A kiwai fruit cut in half

Gardening in 2022: observations, harvest and next year's plans

What happened in the garden in 2022? We had a lot of volunteer crops and badgers...

What happened in the garden in 2022? We had a lot of volunteer crops, more badgers and a very dry year overall…

Even if I didn’t spend a lot of time planting, there were tasks to do in the garden!

Let’s review all of that.


A pumpoak, a pumpkin variety of Ardèche 🤣

Only volunteer crops grew up this year, all from last year compost area, where we put lots of autumn leaves and kitchen waste.

The plants grew very well, spreading along the fence and even up the oak tree. We had a couple of lanterns in the tree, as you see above ;)

The harvest was better than 2020 (when we had picked 12.274 kg). This year, we reached 17.686 kg without any planting work.

And the pumpkins were very tasty so far. You can guess we won’t have much left before the winter.

Six kuri squashes


A lot of volunteer crops came up this year. We planted a few in the spring.

We harvested 1150 grams only.

Lemon wort (Lemon verbena)

We harvested 3 times the lemon wort and we washed and dried it immediately using the solar-powered dehydrator.

I think we could have had one more if I harvested the stems earlier in June.

The quantity harvested, however, is enough for a year’s worth of herbal infusions.

Kiwai (Actinidia arguta)

This year, the spring was mild and no frost hit the flowers of our kiwai vine.

The vine produced 220 g of fruits.

The kiwai’s harvest in 2022

I hope next year will bring more. The vine has grown a little more.

We’re planning to buy another one to plant in the next available area for gardening.

Kiwai are high in Vitamin C, even more than the regular kiwi fruit. I didn’t find a technical source, though, only a few web pages stating that fact.

A kiwai fruit cut in half


It was a surprise when I saw over a dozen raspberries stems shoot out from the ground in spring. The winter blanket of dead leaves has probably helped.

The stems grew tall, but we had few fruits, just enough to eat on the spot.

The dry summer burnt almost of them.

The autumn water and nice weather, however, brought them back to life!

Black currants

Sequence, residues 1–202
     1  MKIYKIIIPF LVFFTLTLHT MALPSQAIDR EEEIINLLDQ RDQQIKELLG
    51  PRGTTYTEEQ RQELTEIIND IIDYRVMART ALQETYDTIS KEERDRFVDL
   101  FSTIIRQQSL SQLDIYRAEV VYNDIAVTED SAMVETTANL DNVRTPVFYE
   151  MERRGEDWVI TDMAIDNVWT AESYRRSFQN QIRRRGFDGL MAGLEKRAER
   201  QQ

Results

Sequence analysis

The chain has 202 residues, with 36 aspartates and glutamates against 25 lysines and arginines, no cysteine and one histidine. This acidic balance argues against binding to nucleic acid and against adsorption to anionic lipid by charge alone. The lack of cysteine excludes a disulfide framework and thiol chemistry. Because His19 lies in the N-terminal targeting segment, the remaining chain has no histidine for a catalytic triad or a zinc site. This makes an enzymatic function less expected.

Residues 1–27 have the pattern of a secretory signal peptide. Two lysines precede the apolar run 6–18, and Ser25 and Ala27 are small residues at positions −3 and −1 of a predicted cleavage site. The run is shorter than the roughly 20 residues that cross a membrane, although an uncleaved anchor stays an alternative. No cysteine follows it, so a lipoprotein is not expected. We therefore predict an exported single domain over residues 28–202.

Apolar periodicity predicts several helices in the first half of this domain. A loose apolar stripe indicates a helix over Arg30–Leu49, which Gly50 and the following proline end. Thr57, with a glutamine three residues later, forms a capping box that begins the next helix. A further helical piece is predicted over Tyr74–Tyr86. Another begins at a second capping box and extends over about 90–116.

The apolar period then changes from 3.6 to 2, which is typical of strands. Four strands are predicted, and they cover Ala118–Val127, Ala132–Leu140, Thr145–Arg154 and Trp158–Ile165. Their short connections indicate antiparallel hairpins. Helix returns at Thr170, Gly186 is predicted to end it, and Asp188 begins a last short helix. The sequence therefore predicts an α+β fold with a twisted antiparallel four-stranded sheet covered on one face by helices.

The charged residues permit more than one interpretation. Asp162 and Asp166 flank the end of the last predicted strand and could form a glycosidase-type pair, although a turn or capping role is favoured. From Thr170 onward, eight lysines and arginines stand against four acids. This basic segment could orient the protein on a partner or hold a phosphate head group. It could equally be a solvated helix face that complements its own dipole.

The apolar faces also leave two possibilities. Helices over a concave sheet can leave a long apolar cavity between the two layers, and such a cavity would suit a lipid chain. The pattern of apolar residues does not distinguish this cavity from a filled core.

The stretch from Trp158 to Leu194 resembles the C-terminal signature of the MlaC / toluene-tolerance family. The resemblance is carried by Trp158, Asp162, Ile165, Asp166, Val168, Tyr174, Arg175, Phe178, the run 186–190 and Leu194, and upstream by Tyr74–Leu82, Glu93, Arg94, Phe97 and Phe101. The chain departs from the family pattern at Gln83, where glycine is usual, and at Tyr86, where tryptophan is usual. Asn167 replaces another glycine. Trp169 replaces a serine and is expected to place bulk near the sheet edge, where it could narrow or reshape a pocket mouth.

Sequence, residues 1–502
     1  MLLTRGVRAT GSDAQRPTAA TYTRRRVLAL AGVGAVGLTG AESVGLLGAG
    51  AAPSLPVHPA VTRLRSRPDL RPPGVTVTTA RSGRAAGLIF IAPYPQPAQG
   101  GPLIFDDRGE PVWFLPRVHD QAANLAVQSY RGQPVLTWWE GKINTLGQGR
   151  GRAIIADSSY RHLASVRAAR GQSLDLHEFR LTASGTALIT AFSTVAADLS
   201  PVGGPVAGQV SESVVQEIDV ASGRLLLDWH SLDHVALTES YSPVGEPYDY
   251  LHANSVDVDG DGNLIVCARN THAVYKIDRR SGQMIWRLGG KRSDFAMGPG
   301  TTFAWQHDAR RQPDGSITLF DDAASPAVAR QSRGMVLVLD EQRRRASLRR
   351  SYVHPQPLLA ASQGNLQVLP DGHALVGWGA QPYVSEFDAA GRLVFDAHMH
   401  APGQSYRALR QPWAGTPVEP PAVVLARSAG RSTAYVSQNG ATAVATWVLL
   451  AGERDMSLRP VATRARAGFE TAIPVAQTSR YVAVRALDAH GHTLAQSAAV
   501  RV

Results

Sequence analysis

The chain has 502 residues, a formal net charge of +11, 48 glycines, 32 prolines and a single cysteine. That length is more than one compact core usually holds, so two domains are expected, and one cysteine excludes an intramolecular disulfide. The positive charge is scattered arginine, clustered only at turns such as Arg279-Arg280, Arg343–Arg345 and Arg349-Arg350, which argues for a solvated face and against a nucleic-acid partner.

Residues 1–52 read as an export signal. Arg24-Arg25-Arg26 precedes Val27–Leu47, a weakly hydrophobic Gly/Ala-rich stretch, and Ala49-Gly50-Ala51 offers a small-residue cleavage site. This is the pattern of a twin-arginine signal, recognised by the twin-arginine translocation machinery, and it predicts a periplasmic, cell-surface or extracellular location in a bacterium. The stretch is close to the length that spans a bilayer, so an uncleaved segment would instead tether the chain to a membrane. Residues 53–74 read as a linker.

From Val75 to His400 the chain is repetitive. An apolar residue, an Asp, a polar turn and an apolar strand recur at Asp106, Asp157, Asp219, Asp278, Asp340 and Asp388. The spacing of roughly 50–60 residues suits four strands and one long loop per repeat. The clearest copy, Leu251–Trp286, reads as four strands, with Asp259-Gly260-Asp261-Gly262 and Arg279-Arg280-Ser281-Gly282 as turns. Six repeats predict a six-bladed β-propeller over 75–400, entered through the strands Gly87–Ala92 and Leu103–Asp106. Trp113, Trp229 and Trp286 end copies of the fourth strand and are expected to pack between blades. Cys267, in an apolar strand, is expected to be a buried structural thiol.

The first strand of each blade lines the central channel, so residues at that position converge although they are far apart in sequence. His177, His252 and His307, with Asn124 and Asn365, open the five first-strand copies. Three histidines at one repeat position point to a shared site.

We planted three plants this year and it produces a few fruits.

But like the rest, the lack of water almost killed them. However, the rain of late August brought hope and new leaves bloomed.

We can’t wait for the plants to grow so we can have fruits and make tincture from the blossom.


The comfrey was strong again this year.

To do Add a picture

Like all the rest, the very dry summer didn’t spare the plant, but the very mild autumn so far has helped new leaves to grow.

I transplanted four young comfrey plants near the current compost area. So nice to be able to start reproduction.


To do Add a picture

We had very nice and big dandelions instead of the rocket salad (that has died, I think, after 2 years of crops from the same plants). The leaves were large and lasted a few meals in the spring.

The roots are still there, so they will be back next spring.


To do Add a picture

They’re spreading well. It doesn’t excite everyone in the family, but the roots are superficial and the top soil rather soft. So it’s easy to move the roots around.

I will probably more of them to the next composting area.

I need to nettles for all sorts of reason: as a natural fertilizer, as food in soup or herbal infusion or even tinctures.


I purchased four tomato plants. But it wasn’t the year for them.

I only picked a few black cherry tomatoes and a nice pineapple tomato.

I think they lacked water in the summer, near the end of July and the beginning of August, when we weren’t there.

Even if I put in the place the irrigation, the plants had dried up when we came back. What didn’t get eaten by the sheep, who made their way in the garden due to my negligence, was pretty weak…

We didn’t miss the tomatoes. We didn’t eat that much, even from our purchases in the local grocery store.

Cover crops with flax-seed and green lentils

On August 12, 2022, I sowed some in different places after preparing the places with bought compost.

Then I threw the seeds by hand and recovered with soil from an old raised bed.

On August 17, 2022, I covered the sprouting seeds with hay to keep the moisture.

The lentils growed well. The goal was to enrich the soil with the green waste, but, more importantly, with the nitrogen stored by the lentils.

On August 28, 2022, this is how the lentils looked like:

Lentils growing a garden bed


OK, those beasts have been generating trouble for two years now…

They’re probably looking for food, and they come to the garden to plow the ground, not matter what we planted in it.

Last year, the peas had to be replanted three times!

So this year, I’ve planted almost nothing because I didn’t take time to find a solution to repel them.

Only in September, I installed a rabbit fencing where I think the badgers are coming through. We have fenced all around the garden because of the sheep, but the badgers found a hole big enough to sneak in.

It remains to be seen if I did patch all the holes in the fence…

Next year’s plan

I would love to plant more, to start to grow more vegetables to reach some partial autonomy.

I plan

  • to start planting:

    • garlic (from heads purchased at our organic grocery shop),
    • board bean (Vicia faba L.) to eat but mainly to capture the nitrogen in the air
  • then to continue with all I can plant, from lettuce, to spinach, round carrots and beets.

However, the main job is to bring better soil, maybe even purchase a large amount of compost. It’s supposed to cost 115.5 euros for about one ton of 20 mm organic-compatible compost. 75% of the cost goes into transport (renting a truck).

To be continued…

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